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Publications

Getting Technical (Published in CCAA Newsletter 3/02)

By: John Smith, owner of John Smith Property Management

Recently I received a question from one of our readers. “Johnny, how do you keep track of your books?” Well, Mom, (to Mom, I am known as Johnny) let me both answer your question and also thank you for giving me the idea on what to write about this month.

Until this year, I used to spend hours and hours every month writing out all of my checks by hand. Then, after writing them, I would have to spend hours more entering all of that information on my old accounting program.

Initially, I didn’t even realize that there was such a benefit to working with computers. Heck, we hadn’t even heard of the Internet when I was in college. I wrote my term papers on typewriters. In fact, when I started using computers, they seemed like expensive word processors. Wow, was I in for a treat!

Right after I bought my first building, I took an accounting class at Parkland College to learn how to do my own books. Initially, I was going to use the old method that I had learned about in that class: double entry accounting on a ledger. You know what a ledger is. It’s the image we all have from the old movies of the guy slumped over a thick book with tiny glasses and a pencil. By 1997, I still hadn’t learned the value of computers.

When my friend who was finishing a degree in accounting at the University of Illinois found out about this, he laughed loudly. “They still use those ledgers in some third world countries,” is what he told me. And, then he taught me how to do the same thing on a computer. Unbelievable! I didn’t have to play with a trial balance or accounts being out of balance. The computer was able to take human error out of the equation. You couldn’t debit one account unless you credited another. Fantastic.

While that program was amazing at the time, it was nothing compared to the program that I just started using after New Year’s called QuickBooks Pro. With my new program, I can write out the check right there on the screen. The computer “remembers” all of my transactions, so, after a while, it finishes all of my sentences like an old friend who is thinking exactly the same thing I am. It’s wonderful! Now, I type up all of my checks, the computer then spits them all out of the printer, and simply printing the check finishes the accounting.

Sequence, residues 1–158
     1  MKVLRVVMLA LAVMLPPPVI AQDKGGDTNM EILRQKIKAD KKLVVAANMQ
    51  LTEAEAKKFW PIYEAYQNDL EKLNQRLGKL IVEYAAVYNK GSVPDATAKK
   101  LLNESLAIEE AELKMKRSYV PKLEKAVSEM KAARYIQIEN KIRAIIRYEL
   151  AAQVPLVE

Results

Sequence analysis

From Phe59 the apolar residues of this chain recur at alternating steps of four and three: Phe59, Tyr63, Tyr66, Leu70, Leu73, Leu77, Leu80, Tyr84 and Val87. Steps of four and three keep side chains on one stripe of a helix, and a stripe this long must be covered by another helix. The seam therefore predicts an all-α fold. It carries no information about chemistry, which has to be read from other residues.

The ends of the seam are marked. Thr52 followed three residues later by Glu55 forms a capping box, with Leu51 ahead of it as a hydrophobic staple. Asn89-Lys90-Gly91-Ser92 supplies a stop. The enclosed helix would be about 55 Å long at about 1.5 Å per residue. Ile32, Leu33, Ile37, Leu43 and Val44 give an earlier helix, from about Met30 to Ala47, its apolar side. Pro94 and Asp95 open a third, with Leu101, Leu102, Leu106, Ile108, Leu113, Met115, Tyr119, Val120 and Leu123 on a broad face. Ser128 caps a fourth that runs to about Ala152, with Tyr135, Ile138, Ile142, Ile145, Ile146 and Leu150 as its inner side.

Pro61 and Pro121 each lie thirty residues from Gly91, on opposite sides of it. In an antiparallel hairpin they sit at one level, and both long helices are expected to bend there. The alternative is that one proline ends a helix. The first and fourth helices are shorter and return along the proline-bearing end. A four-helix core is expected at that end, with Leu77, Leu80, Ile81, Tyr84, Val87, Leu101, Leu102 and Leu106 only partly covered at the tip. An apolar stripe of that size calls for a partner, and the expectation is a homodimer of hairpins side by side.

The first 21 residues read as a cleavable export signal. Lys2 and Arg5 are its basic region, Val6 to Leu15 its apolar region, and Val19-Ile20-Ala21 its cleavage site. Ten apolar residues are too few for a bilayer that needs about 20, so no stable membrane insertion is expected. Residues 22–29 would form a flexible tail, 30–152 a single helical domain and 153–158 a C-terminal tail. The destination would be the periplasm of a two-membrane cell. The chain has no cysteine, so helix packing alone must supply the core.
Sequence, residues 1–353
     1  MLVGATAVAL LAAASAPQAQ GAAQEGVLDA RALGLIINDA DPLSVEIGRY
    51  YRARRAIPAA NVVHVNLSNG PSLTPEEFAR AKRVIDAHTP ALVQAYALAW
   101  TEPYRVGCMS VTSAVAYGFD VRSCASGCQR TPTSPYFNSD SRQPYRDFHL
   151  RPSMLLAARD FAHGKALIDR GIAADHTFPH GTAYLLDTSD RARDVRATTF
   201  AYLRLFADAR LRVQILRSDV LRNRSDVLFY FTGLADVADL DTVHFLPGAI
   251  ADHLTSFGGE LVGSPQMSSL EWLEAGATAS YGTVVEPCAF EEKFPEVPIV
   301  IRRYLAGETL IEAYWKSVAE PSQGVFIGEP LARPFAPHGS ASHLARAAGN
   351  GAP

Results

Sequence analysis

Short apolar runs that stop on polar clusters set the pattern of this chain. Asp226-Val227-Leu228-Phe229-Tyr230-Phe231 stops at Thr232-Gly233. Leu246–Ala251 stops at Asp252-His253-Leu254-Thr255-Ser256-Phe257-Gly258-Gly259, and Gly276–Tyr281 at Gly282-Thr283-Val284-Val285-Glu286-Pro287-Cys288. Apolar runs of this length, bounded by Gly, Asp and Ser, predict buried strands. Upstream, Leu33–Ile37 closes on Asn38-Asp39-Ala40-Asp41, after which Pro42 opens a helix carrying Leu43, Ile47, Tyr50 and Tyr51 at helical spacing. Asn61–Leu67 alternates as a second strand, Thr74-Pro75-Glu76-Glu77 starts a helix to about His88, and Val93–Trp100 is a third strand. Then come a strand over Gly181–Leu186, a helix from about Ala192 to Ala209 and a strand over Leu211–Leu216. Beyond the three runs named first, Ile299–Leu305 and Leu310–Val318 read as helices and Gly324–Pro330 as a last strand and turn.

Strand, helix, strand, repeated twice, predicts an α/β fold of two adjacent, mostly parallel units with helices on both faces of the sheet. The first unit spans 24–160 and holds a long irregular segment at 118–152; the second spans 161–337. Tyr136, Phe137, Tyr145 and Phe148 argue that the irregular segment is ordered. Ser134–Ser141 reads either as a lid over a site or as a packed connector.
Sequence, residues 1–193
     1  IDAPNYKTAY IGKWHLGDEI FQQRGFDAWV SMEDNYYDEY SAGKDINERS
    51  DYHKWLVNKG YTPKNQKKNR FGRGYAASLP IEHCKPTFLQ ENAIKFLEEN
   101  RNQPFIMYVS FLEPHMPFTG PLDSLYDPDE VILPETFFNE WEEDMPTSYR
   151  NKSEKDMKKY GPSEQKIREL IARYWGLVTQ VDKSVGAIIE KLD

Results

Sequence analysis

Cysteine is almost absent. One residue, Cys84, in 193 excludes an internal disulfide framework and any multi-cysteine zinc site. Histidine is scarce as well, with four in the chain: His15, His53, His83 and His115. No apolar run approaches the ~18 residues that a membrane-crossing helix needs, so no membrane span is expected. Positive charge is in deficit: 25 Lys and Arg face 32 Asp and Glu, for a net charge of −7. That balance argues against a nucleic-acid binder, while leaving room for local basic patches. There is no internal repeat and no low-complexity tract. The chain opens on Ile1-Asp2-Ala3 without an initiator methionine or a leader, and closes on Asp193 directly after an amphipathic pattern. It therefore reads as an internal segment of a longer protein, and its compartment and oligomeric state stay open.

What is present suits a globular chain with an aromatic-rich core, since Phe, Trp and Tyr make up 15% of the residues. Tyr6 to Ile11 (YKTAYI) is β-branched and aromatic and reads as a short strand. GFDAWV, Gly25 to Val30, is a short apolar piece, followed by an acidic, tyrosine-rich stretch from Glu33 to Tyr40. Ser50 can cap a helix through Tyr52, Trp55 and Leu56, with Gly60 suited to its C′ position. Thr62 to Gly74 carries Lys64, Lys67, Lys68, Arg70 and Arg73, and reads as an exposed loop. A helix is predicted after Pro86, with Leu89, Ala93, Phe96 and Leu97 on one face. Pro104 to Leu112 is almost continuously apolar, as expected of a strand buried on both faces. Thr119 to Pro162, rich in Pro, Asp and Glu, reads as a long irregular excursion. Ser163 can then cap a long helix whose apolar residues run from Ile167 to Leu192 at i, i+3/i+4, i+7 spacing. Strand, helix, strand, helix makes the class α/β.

Want to go one better? My accountant uses this same program, so I can now email my files to him every time that I back them up so I have a set stored off sight.

As I’m getting everything ready for tax time, I find myself wishing more and more that I had started this last year. There’s just no more bookwork. I collect my rents, write out my bills, and it’s done. Now, with room for a few more paragraphs in this article let me tell you about another computer application that I’ve found that can help you more effectively rent out your apartments. It’s called Microsoft Outlook.

With Outlook, every time a prospective tenant calls me, I go to my PC and create a contact card on them. I get a name, phone number, email address, and then I jot down notes about our conversation. Now this contact is added to my Warm List. I follow up with these people on my Warm List with an email once or twice a week until they decide to rent one of my units or choose another place. One of the wonderful things about email is that it’s unobtrusive. Nobody minds getting an unsolicited email from someone telling him or her about an apartment that they initially called about. You can capitalize on this by staying in touch in a way that is comforting to your prospect without being annoying in the way a telephone call can be.

Here’s an example. If I have six different people that I know are interested in one of my apartments, then every time I show that unit, I send them an email inviting them to join the tour. Want to know what happened at a recent showing of mine? How much do we all hate “no call, no shows”? We schedule time to go to a unit. We coordinate it with the tenants. We go and wait, only to wait alone. No one comes by, and we wonder how long before we should call it a “no show” and go back to work. Well last time I showed an apartment, the person for whom I had scheduled the showing didn’t show up. While this was less than ideal, two more people who had gotten my email DID show up and go through the tour. In fact, it looks like one of those is going to sign the lease. Working smarter, not harder should always be the goal of us landlords whether we are professionals or “part-timers” with day jobs.

Of course, this method can be used with any paper notebook as well, but the power of Outlook is that it is all there in front of you at once, and just by deleting one word, the contact can be moved off of my Warm List and onto my Active Tenant list.

Both QuickBooks Pro and Outlook were very easy for me to learn, plus there’s a plethora of books out there to teach you about them if you want to be self-taught.

If you’re afraid of using computers or using one less than you could be, I hope that this article has been useful for opening up the door a little wider.

Good luck and happy renting!

John Smith has a Master's Degree in Education, is a real estate investment and management consultant and trainer throughout the state of Illinois, and has been a real estate investor and manager for over seven years in Champaign-Urbana. To contact John Smith, email him at john@johnsmithproperties.com or call (518) 851-7820.